Sex offenders appear to settle into neighborhoods in “clusters,” and when they do, that can have an affect on home prices, according to researchers at Longwood University who studied data from nearly 20,000 real estate listings in central Virginia between 1999 and 2009.
The study found that one registered sex offender in a neighborhood can have a negative effect on home prices. The effect of two or three nearby sex offenders was not significantly more pronounced.
But a cluster of four or more sex offenders within a quarter-mile “substantially increases a house’s time on the market — by as much as 147 percent — putting added downward pressure on home prices,” Longwood University said in announcing the publication of the study.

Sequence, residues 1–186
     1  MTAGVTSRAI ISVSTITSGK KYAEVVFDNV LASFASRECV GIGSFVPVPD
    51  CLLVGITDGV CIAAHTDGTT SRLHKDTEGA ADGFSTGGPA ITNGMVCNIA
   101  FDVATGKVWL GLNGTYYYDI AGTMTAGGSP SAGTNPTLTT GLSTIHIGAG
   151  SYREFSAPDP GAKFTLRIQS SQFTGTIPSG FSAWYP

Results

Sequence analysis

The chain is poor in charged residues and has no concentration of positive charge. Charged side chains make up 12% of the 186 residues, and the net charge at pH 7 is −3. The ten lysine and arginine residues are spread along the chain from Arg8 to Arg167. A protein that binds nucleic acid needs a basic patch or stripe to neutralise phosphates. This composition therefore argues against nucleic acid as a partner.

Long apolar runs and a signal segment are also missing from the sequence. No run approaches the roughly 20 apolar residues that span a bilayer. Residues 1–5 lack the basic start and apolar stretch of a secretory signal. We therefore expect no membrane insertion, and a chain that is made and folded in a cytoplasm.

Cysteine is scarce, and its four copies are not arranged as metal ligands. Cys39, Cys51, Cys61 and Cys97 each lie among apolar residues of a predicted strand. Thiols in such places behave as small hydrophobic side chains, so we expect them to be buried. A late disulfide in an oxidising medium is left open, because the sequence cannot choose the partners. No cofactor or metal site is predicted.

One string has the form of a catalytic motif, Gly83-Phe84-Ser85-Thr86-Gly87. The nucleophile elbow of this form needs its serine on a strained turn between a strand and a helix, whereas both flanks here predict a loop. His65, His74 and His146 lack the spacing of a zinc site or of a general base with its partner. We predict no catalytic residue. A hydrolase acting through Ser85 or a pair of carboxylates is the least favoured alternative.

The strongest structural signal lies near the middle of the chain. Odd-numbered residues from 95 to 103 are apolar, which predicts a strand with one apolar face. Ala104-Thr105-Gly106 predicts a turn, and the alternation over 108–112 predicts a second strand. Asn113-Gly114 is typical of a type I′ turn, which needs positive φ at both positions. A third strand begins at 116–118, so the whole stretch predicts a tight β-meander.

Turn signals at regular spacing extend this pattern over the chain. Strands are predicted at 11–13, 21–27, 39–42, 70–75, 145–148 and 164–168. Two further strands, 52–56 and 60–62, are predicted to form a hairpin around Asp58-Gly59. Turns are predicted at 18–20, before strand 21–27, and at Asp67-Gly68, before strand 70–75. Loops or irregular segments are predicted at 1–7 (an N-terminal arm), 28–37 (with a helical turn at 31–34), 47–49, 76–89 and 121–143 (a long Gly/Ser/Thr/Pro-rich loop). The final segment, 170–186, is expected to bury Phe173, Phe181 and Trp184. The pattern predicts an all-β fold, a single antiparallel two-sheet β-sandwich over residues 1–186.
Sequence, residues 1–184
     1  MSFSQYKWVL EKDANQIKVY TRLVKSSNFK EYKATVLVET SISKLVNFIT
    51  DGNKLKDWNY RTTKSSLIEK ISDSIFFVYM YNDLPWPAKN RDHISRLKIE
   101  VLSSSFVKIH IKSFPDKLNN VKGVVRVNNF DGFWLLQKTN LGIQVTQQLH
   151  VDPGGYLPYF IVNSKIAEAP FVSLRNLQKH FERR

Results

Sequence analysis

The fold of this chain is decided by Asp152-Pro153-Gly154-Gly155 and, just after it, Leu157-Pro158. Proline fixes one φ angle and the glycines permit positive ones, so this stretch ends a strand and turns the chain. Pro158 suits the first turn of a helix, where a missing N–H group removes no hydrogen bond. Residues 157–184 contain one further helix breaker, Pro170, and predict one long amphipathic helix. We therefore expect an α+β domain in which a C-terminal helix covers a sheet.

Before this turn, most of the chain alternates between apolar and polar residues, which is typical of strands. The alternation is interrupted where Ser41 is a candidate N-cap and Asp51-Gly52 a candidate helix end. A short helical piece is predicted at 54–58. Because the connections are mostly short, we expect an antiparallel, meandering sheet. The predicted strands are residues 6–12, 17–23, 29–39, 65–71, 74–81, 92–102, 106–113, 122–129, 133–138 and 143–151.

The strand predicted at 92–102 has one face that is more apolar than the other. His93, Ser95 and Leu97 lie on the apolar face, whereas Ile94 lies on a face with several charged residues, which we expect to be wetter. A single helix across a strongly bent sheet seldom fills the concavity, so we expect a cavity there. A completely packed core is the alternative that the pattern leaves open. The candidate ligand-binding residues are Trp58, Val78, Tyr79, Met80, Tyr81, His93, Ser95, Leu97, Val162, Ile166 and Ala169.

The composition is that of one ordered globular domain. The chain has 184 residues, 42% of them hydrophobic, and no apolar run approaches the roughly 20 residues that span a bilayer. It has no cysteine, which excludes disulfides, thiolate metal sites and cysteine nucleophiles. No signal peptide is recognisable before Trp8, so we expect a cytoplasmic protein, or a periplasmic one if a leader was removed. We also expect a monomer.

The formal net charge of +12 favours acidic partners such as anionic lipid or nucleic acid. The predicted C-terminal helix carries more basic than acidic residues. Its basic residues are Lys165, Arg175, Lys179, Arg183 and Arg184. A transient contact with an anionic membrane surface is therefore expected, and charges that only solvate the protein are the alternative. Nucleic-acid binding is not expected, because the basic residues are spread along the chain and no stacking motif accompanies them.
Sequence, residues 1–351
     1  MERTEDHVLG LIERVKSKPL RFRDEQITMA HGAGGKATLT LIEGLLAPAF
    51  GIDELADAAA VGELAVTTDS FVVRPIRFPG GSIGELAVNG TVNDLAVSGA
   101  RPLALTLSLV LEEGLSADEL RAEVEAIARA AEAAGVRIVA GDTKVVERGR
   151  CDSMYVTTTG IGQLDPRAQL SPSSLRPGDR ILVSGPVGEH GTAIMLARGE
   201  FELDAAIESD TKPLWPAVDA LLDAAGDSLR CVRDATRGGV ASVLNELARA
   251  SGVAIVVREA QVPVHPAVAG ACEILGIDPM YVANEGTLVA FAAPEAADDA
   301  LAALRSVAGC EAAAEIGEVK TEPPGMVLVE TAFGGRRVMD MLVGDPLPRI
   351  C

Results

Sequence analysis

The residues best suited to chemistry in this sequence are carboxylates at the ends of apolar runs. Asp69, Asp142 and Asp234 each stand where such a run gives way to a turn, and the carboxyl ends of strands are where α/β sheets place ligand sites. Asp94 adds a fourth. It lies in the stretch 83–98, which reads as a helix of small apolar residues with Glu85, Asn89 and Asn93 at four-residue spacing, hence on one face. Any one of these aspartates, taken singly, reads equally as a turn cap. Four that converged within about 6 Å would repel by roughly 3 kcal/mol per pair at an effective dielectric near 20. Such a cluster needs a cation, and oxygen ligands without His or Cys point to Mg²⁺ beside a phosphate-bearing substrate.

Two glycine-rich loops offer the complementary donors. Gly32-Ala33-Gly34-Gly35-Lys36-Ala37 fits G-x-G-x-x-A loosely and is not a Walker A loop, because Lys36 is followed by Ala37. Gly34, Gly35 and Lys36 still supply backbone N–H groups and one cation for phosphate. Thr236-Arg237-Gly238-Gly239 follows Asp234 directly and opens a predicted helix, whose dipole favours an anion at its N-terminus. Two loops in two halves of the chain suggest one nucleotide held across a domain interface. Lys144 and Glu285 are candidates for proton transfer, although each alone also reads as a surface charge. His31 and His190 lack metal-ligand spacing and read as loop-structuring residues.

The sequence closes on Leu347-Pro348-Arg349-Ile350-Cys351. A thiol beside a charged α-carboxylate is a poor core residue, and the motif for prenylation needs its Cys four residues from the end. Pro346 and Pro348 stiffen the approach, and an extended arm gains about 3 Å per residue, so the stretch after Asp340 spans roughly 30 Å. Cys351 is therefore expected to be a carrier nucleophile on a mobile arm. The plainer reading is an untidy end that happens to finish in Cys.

Sex offenders are often prohibited from living near schools, day care centers and parks, so some neighborhoods are creating small “pocket parks,” or fighting school closings to prevent clustering, said one of the study’s authors, economics professor Ray Brastow. Source: longwood.edu